Courtney providing the transportation, along with Garry Fletcher took two sets of  lighthouse keeper’s family members,  the Robert Lundy Family and a branch of the (first light keeper ) George N.Davies family for a prearranged visit to Race Rocks today. They left archival documents and photos; and are sending more to add to the web pages;

New archival image of Race Rocks tower.


This picture shows the tower (circa 1900) with the original light and tall cage installed . It also shows the stone residence attached at the base of the tower which the Coastguard “removed” in the 1960s.

The photo was taken by Major James Skitt Matthews,(1878-1970).
J.S. Matthews’ notes with print or negative are located in the Vancouver archives. Reference code AM54-S4-: SGN 1103.

Original untouched full size image: 8068153b-3849-4b94-9c9e-cfbe0ff55005-A07817(note stepladder in light room??)

Generating History

High clouds settled in today and there were even a few minute raindrops for a short time in the late morning and early evening. Hazy marine air was evident along the coast to Victoria while across on the American side, it looked like it might really be raining in the Elwha Valley, Olympic National Park. The barometer continues its slow slide, which started last Thursday. The westerly wind is forecast again for tomorrow and it has already started.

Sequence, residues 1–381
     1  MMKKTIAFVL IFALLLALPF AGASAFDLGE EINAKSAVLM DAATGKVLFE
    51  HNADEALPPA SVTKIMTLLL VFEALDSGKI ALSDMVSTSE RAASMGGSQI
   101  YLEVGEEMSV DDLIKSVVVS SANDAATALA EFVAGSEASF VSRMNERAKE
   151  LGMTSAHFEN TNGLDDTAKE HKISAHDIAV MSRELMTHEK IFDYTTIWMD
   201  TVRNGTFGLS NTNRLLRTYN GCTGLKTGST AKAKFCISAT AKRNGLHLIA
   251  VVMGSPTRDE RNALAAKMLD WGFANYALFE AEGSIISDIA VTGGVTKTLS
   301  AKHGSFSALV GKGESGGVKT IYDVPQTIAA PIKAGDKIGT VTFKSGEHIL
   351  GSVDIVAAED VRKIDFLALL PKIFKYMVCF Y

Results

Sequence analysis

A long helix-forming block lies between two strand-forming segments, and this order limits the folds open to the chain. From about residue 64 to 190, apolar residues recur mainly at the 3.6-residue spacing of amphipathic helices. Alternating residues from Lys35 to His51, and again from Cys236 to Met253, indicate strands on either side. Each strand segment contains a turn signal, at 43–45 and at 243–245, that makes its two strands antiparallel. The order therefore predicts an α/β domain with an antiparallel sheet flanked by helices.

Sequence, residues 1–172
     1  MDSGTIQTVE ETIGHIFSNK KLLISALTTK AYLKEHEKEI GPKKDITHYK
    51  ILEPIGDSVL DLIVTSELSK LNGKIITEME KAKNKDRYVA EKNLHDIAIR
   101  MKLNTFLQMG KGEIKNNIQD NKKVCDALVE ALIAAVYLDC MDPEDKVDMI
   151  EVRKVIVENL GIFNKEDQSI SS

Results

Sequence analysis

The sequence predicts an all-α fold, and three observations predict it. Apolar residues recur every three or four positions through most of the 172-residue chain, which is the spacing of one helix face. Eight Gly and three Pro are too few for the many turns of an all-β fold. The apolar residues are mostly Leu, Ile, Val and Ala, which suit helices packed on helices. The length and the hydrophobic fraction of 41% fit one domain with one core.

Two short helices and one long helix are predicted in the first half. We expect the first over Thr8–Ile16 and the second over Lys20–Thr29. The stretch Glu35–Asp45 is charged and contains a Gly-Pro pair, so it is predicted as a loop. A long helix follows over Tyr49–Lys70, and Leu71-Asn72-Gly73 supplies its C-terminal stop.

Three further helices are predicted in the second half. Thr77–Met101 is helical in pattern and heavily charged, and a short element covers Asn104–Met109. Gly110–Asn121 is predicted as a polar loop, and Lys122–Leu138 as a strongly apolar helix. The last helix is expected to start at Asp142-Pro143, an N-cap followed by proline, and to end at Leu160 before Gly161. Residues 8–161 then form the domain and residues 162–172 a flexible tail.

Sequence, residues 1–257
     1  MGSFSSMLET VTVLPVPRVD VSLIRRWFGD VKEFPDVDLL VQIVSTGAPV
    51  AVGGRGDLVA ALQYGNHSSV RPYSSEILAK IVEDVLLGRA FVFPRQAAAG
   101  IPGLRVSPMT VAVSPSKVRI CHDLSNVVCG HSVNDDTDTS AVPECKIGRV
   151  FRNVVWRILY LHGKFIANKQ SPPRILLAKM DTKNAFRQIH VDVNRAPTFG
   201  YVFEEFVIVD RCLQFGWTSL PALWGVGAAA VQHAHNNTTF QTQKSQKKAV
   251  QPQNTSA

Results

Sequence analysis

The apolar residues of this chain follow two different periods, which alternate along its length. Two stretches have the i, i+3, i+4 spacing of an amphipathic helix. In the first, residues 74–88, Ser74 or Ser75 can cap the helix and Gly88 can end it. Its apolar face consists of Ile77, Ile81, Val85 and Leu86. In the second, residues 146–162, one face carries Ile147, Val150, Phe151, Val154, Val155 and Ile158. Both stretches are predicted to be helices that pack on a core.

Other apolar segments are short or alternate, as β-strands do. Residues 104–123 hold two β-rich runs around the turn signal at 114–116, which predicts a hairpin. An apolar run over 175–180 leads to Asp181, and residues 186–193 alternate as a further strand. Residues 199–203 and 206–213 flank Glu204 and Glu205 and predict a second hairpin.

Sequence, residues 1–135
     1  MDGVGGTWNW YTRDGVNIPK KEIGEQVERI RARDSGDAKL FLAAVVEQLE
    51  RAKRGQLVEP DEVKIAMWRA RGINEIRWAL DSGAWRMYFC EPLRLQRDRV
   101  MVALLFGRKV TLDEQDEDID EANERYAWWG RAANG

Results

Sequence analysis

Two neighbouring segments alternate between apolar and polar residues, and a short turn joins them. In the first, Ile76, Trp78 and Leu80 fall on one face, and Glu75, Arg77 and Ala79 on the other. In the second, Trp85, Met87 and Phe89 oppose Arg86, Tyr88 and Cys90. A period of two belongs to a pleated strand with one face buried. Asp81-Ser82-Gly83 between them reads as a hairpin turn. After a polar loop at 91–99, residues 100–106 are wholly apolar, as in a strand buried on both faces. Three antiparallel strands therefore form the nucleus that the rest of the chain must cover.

A Humpback Whale feeding and resting to the south of the rocks and Killer Whales to the west, continued to draw whale–watching boats from Victoria and a total of 22 were noted in the Ecological Reserve today, mostly observing pinnipeds (Steller’s and California Sea Lions, Harbour and Elephant Seals). One commercial, charter, fishing boat also stopped by to watch the sea lions.

One of the Brown Pelicans came back today and some members of the Victoria Historical Society group saw it on their way out to the island. Three groups of twelve people each had historical tours of Race Rocks today.